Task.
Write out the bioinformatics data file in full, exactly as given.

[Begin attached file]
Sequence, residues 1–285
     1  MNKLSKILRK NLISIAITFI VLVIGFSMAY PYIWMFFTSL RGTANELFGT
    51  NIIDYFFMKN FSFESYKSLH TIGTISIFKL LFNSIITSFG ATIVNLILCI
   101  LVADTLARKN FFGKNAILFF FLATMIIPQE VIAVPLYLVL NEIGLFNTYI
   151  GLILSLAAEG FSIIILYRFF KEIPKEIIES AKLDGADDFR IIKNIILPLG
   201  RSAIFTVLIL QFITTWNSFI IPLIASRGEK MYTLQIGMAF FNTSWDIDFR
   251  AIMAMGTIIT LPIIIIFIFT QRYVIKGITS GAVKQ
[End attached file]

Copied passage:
Sequence, residues 1–285
     1  MNKLSKILRK NLISIAITFI VLVIGFSMAY PYIWMFFTSL RGTANELFGT
    51  NIIDYFFMKN FSFESYKSLH TIGTISIFKL LFNSIITSFG ATIVNLILCI
   101  LVADTLARKN FFGKNAILFF FLATMIIPQE VIAVPLYLVL NEIGLFNTYI
   151  GLILSLAAEG FSIIILYRFF KEIPKEIIES AKLDGADDFR IIKNIILPLG
   201  RSAIFTVLIL QFITTWNSFI IPLIASRGEK MYTLQIGMAF FNTSWDIDFR
   251  AIMAMGTIIT LPIIIIFIFT QRYVIKGITS GAVKQ